More Perl Operators

There are many more operators in Perl besides the more basic ones.

 Perl Operators Exponentation Exponentational provides away to multiply a number to itself repeatedly Remainder Retrieves the remainder resulting from division of one integer by another Unary Negation Is a character in front of a single value, it is equivalent to multiplying the value by -1 Integer Comparison There are many comparison operators - see Perl Cheat Sheet, becareful when comparing floating-point numbers as rounding up may make numbers different String Comparison There are many comparison operators - see Perl Cheat Sheet Logical Can used to to check for multiply conditions like a if-else statement, Short-circuit evaluation means that in some circumstances if a part of the evaulation forces the outcome of the statement to be true or false regardless if the other part outcome    if ( \$age == 5 || \$age == 10 )   ## the second condition will not be checked of \$age equals 5, the outcome will be true anyway Bit-Manipulation You can manipulate the binary digits (or bits) of an integer there are many bit-manipulation operators - see Perl Cheat Sheet Assignment Associates or assigns a value to a variable, you can use the operator more than once in a single statement Autoincrement and autodecrement The autoincrement and autodecrement is a third way to increment/decrement variables by 1, you can also increment/decrement strings. String concatenation There are a number of operators that can effect strings - see Perl cheat sheet Repetition Make multiple copies of a string and joins the copies together. Comma Guarantees that a particular part of an expression is evaluated first Conditional This is know as a tenary operator in other languages and is based on a if-else statement Perl Operators Examples Exponentation \$x = 2 ** 4;          # take four copies of two and multiply them (2 * 2 * 2 * 2 = 16) \$y = 3 ** 5;          # 3 * 3 * 3 * 3 * 3 = 243; \$ x = 2 ** -5;        # this is the fraction 1/32 Remainder \$x = 25 % 4;          # 25 divided by 4 yields 6 with a remainder of 1, so \$x = 1 \$x = 24 % 7;          # 24 divided by 7 yields 3 with a remainder 0f 3, so \$x = 3 Unary Negation \$x = - 5;             # \$x = -5; \$x = - \$y ;           # \$x = \$y * -1; Integer Comparison if ( \$a == \$b )  { .... } if ( \$a < \$b )   { .... } if ( \$a > \$b )   { .... } if ( \$a <= \$b )  { .... } if ( \$a >= \$b )  { .... } if ( \$a != \$b )  { .... } if ( \$a <=> \$b ) { .... } String Comparison if ( \$stringA eq \$stringB )    { .... } if ( \$stringA lt \$stringB )    { .... } if ( \$stringA gt \$stringB )    { .... } if ( \$stringA le \$stringB )    { .... } if ( \$stringA ge \$stringB )    { .... } if ( \$stringA ne \$stringB )    { .... } if ( \$stringA \$stringB ) { .... } Logical if ( \$age > 5 && \$age < 17 ) { .... } if ( \$age > 5 && \$age < 17 || \$person eq "teacher") { .... } if ( ! \$x ) { .... }     # true if \$x is not zero and false if \$x is 0; Bit-Manipulation \$x = 124 & 99;         # 01111100 (124) & 01100011 (99) = 01100000 (96) \$x = 124 | 99; \$x = 124 ^ 99; \$x = ~99; \$result = \$x >> 1;     # shift bits to the right 01100011 (99) becomes 00110001 (49) \$result = \$x << 1;     # shift bits to the left 01100011 (99) becomes 11000110 (198) Assignment \$a = 5;                # assign the value 5 to the variable \$a \$a += 5;               # really means \$a = \$a + 5 \$a *= 10;              # really means \$a = \$a * 5 \$a ^= 95;              # really means \$a = \$a ^ 5 Autoincrement and autodecrement \$a++                   # post-increment ++\$a                   # pre-increment \$a--                   # post-decrement --\$a                   # pre-decrement String concatenation \$you_are_a = \$potatoe . \$head;    # this concatenation variables \$potatoe, \$head into one string value \$a = "Magic" \$a .= "Roundabout"                # produces "Magic Roundabout" Repetition \$strong_mint = "X" x 3;           # procedues the string "XXX" Comma \$var1 += 1, \$var2 = \$var1;        # the list of statements will be processed from left to right Conditional \$result = \$var == 0 ? 14 : 7;     # if \$var equals 0 then \$result = 14, if \$var is not equal to 0 then                                   # \$result = 7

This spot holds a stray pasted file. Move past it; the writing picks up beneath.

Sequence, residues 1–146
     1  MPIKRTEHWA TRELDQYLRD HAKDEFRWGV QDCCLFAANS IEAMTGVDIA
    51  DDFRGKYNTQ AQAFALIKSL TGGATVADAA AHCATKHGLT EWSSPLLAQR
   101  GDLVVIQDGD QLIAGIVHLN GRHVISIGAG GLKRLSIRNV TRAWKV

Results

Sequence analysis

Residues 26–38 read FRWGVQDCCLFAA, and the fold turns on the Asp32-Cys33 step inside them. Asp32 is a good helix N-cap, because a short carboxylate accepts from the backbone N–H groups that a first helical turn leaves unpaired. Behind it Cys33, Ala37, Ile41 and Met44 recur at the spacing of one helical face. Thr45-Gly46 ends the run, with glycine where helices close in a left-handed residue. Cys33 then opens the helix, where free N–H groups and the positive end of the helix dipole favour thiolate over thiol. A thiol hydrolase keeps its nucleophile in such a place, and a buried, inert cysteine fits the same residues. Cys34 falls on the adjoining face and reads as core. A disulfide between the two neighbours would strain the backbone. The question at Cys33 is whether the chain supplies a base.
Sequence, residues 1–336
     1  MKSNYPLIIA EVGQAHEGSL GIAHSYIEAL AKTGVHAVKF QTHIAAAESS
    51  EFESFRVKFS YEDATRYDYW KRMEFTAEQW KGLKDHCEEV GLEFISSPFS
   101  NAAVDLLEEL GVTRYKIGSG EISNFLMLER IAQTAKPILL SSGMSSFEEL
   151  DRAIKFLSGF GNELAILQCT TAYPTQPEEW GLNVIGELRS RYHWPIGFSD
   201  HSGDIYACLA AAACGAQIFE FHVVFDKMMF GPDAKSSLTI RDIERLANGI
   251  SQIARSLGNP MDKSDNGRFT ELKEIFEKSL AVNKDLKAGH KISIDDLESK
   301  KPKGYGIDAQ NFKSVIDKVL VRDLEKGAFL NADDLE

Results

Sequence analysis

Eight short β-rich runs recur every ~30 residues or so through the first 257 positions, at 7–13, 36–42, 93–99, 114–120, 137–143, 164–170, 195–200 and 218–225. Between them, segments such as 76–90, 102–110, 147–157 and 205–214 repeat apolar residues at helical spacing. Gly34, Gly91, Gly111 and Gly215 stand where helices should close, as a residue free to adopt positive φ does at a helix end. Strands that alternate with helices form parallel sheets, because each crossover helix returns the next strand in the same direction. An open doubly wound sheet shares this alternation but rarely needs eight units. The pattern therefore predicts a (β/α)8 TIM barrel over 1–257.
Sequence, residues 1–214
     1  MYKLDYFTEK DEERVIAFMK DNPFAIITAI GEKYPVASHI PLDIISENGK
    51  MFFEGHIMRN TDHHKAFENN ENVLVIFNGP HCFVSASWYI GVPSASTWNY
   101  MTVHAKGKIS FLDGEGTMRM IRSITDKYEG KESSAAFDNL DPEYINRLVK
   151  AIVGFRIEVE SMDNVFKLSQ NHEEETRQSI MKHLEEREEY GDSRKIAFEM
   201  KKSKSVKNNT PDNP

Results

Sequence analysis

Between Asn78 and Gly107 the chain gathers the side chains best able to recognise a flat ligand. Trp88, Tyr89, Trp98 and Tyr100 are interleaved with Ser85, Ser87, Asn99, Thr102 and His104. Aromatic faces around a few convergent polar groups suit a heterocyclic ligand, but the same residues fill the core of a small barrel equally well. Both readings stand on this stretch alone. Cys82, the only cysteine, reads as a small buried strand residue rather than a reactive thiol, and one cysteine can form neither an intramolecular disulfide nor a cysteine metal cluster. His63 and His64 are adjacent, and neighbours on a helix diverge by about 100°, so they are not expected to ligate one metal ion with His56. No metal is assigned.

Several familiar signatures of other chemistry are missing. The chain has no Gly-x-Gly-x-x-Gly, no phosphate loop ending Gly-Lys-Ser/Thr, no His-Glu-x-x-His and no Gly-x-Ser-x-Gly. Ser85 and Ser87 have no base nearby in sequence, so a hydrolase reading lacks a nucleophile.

Precedence

Operators are governed by a set of rules, these are called the 'rules of precedence', the precedence will determine the process statement order , highest being first, You can force the order of precedence by using brackets

 Force Precedence \$result = 4 * ( 5 + 3 );          # Normally the mulitplication would be processed first,                                   # but by using brackets we force the addition to be                                   # processed first

See Perl Cheat Sheet for a complete list of precedence.